Thirty years ago, March was designated Hemophilia Awareness Month.  This year, the scope has expanded to promote awareness for all bleeding disorders.  Bleeding disorders affect the way blood clots, which can result in heavy or prolonged bleeding.  Bleeding disorders can also cause abnormal bleeding from minor cuts and scrapes or internal bleeding from bruises which wouldn’t cause any problems in people with no bleeding disorder.  Different diagnoses include hemophilia, von Willebrand disease, and blood factor deficiencies; they are mostly considered hereditary or congenital conditions.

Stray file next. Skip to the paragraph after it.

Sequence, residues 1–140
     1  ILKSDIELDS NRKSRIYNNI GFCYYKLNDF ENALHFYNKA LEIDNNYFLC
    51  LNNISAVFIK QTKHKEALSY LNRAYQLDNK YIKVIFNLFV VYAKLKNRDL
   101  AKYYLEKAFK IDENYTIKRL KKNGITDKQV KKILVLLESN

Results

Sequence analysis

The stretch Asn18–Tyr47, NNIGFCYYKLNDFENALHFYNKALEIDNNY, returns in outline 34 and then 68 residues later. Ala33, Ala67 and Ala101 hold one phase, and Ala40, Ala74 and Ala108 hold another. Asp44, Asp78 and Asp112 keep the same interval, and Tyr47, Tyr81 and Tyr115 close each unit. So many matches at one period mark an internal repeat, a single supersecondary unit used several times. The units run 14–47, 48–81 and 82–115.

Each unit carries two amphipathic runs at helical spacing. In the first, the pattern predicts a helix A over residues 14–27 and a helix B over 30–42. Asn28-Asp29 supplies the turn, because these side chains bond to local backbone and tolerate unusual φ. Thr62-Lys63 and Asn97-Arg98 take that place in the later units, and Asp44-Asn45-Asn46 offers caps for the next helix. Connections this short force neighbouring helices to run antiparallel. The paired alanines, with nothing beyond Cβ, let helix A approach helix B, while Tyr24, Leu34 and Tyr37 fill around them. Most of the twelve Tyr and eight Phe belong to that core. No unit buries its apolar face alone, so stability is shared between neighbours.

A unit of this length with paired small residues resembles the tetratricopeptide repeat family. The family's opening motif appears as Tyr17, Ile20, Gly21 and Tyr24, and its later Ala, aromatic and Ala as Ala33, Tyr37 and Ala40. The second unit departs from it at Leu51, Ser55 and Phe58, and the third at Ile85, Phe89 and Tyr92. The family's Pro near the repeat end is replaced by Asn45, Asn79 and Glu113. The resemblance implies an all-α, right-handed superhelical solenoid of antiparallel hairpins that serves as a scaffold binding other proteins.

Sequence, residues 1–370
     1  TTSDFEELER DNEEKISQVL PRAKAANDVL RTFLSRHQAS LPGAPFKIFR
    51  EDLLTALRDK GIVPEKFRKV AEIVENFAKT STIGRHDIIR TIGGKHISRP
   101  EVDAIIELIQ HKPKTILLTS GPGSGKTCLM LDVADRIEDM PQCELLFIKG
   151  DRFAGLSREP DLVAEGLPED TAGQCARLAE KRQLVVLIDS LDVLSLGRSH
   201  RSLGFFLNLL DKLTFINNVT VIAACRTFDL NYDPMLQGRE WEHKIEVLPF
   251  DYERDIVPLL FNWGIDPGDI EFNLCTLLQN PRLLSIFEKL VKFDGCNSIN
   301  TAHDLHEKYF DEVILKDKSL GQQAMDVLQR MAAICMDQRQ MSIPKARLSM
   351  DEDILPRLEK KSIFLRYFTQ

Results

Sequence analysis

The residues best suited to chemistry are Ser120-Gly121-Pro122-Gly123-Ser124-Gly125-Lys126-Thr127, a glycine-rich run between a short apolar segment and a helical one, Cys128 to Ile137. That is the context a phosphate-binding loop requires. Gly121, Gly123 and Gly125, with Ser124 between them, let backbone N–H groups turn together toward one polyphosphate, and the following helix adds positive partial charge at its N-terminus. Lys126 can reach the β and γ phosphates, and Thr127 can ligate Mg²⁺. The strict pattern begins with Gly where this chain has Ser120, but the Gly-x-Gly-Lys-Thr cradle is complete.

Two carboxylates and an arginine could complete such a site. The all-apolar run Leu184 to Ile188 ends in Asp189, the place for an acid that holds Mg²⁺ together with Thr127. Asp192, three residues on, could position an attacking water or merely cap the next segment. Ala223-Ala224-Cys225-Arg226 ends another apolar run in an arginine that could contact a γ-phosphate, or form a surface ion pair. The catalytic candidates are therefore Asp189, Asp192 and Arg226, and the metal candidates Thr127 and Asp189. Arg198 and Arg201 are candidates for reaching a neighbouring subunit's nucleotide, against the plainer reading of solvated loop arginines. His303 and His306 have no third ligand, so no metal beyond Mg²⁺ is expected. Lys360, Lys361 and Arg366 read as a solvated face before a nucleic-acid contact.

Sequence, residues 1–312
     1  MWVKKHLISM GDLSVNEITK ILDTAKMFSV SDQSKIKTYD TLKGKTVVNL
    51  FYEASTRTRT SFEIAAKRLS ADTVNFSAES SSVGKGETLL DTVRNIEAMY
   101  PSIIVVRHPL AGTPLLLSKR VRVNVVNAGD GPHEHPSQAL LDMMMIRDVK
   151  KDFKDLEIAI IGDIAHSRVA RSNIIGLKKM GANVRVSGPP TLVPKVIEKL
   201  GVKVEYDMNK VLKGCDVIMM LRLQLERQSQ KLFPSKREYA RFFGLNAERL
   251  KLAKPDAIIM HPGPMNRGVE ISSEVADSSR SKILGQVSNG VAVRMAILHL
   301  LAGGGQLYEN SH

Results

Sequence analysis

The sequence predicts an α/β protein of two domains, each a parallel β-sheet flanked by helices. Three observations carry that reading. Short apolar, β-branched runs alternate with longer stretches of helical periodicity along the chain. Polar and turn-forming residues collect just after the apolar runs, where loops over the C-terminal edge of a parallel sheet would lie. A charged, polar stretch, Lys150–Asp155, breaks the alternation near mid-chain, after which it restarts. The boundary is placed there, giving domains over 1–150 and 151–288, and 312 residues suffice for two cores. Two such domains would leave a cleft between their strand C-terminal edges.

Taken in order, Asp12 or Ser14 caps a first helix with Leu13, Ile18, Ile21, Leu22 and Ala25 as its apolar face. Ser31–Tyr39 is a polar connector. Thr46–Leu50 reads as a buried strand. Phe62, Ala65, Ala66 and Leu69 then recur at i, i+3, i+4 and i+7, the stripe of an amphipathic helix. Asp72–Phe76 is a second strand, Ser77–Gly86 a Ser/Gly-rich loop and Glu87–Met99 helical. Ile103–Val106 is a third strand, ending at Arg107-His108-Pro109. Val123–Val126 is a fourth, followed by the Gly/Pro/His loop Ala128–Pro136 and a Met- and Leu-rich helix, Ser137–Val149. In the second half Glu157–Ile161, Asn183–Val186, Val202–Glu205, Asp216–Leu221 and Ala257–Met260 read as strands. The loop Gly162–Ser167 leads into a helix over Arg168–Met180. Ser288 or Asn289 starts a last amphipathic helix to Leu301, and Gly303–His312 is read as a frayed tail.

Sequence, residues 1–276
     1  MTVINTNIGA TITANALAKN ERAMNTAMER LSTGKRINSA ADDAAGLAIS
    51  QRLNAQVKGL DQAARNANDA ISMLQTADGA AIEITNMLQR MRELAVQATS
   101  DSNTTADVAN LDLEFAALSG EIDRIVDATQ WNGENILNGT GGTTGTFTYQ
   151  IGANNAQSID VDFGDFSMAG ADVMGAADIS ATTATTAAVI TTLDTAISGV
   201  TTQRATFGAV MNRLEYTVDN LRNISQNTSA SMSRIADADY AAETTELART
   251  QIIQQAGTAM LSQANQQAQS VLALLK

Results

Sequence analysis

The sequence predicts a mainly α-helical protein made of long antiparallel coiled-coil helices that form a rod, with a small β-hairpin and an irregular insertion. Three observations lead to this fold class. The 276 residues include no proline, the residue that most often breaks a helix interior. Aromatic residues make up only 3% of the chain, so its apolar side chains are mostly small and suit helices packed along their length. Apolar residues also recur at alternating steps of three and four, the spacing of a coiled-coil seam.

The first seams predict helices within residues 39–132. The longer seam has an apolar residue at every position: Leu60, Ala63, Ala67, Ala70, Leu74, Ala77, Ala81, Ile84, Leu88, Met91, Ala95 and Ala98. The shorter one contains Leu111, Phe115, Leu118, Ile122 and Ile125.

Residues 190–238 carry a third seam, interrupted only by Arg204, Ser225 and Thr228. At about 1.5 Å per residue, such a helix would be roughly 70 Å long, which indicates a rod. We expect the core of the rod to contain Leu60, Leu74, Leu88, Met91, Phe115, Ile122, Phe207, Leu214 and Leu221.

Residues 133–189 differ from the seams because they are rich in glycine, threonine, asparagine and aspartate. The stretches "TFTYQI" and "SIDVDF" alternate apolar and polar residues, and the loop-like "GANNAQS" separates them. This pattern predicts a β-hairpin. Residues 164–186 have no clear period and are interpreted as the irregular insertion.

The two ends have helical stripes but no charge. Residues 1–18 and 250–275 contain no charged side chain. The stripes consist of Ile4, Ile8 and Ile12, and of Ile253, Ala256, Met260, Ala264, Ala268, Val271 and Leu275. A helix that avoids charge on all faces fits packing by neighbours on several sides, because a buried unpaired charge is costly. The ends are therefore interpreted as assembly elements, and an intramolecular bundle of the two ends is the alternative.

Hemophilia is likely the most known bleeding disorder, affecting one in 5,000 male births. The exact number of people living with hemophilia in the US is unknown, but the CDC estimates the number to be about 20,000.  Only found in males, hemophilia is usually diagnosed in the first 36 months of life. Two-thirds of cases are determined to be hereditary with a family history of the condition. However, one-third of babies born with hemophilia

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